"The dread of evil is a much more forcible principle of human actions than the prospect of good," said one of the wisest enlightenment thinkers, John Locke. This perspective of evil being represented by human actions is thoroughly shown in the novel Thing's Fall Apart by Chinua Achebe. The good and evil in this novel are both represented by Okonkwo because although he means well, his actions contradicts his good intentions. Because his violent, evil action disregards his good intentions, evil eventually wins.
Okonkwo is a concerned and loving father, even thou he often does not show it. When Ekweifi gets abducted by the priestess, Okonkwo goes to the shrine three times and gets "gravely worried" (112) about his daughter. The day after Ekweifi's abduction, Okonkwo was "feeling tired, and sleepy, for although nobody else knew it, he had not slept at all last night" (112). This shows that he is genuinely a good man who cares about his family and gets "very anxious" when one of them is in any sort of trouble.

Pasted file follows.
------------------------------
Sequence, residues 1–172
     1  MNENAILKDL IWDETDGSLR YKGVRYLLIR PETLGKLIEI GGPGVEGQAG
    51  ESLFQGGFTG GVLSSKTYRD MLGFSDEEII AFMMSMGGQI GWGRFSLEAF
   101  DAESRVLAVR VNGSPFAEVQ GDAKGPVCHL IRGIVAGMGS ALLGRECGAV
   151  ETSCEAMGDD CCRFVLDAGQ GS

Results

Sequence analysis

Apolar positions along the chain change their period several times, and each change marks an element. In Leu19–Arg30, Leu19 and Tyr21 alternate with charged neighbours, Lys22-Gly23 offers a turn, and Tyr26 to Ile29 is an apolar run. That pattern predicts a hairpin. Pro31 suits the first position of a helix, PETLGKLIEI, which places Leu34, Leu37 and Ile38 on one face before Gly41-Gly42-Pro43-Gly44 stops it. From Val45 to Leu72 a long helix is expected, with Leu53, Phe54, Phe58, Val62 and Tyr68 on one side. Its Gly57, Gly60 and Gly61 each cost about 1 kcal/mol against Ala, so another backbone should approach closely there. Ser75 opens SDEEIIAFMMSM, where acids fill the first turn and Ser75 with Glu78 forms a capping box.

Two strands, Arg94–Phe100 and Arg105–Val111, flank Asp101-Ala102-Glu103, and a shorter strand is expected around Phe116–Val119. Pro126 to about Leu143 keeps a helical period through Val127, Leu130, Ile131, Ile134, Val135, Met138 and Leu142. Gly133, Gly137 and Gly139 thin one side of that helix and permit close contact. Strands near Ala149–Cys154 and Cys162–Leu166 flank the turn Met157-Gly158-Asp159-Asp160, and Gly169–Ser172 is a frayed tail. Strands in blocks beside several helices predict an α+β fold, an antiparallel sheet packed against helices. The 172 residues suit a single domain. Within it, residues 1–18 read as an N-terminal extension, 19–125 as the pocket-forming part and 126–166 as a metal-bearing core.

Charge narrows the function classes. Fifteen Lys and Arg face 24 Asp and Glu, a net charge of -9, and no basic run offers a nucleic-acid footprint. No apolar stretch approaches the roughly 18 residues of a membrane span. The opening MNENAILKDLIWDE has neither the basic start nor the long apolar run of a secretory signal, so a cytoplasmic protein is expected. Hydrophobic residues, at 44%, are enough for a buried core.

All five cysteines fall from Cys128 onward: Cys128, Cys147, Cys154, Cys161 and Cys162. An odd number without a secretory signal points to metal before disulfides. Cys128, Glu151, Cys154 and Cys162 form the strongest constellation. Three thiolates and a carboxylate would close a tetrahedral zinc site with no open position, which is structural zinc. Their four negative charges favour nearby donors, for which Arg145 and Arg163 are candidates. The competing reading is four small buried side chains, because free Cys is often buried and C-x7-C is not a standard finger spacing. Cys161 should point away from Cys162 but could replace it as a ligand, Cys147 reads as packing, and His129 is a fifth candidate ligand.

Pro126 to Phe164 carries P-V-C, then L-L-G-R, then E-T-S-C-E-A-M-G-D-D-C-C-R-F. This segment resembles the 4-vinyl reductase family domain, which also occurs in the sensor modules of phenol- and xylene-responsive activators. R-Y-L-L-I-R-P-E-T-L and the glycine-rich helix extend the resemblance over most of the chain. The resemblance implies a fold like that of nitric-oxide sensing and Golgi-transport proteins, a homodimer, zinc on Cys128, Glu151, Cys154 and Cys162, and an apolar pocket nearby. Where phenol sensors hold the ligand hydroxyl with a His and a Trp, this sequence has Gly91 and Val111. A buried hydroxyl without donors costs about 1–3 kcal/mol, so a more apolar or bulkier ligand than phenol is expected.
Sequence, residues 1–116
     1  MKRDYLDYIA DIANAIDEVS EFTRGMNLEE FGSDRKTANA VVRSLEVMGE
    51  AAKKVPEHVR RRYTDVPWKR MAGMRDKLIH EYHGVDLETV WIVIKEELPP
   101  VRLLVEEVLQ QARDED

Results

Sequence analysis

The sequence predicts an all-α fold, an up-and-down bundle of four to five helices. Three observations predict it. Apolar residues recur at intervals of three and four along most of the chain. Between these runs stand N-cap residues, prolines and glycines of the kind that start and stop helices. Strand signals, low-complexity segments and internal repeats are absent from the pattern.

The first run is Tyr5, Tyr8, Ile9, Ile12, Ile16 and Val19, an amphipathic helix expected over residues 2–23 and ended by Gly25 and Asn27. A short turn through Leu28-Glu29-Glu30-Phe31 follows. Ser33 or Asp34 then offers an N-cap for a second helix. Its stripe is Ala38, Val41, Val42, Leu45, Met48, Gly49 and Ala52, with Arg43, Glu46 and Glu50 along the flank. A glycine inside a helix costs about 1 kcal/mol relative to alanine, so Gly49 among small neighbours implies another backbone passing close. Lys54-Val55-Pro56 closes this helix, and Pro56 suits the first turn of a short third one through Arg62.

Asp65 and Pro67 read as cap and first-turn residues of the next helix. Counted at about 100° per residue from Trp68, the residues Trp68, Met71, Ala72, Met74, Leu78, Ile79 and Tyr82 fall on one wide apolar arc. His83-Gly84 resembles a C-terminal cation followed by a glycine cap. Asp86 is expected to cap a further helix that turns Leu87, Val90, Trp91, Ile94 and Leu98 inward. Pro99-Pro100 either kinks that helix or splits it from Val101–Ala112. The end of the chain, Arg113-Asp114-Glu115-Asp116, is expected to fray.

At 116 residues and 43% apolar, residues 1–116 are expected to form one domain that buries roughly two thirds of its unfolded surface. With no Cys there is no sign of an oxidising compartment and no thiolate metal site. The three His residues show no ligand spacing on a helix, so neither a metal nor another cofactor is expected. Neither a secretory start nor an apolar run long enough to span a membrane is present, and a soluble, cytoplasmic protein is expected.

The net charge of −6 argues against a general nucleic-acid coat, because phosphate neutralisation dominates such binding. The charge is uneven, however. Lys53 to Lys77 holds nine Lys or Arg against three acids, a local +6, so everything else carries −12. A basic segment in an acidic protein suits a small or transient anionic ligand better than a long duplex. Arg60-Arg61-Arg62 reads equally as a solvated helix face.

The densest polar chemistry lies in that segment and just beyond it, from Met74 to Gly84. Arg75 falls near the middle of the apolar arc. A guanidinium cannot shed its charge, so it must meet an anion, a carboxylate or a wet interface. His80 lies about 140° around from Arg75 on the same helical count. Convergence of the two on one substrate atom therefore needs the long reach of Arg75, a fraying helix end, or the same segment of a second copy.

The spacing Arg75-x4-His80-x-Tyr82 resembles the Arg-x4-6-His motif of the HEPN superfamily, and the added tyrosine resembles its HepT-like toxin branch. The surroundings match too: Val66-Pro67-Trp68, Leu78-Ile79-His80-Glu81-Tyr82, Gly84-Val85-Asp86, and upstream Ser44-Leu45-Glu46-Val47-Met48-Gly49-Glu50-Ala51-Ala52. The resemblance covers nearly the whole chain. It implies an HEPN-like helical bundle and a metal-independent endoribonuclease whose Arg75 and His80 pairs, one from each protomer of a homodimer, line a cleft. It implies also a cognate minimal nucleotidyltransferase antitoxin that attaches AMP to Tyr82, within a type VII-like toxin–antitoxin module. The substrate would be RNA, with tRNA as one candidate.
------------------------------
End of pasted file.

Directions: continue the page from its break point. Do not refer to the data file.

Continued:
He loved his family but he did not want other people to know that his family was his weakness.
In other hand, Okonkwo's fear of what society may think forced him to take certain actions against his children. In the beginning, Okonkwo kills his adopted son Ikemefuna, because "He was afraid of being thought weak" (61). Even thou he loved Ikemefuna, which he proved by "not [tasting] any food for two days after the death of Ikemefuna." (63), his evil action contradicted his affection for him.
Good intentions do not always lead to pleasant actions. Sometimes what one wants to do and what one ends up doing contradict each other. Often in Okonkwo's case, the result of his actions led to disaster rather...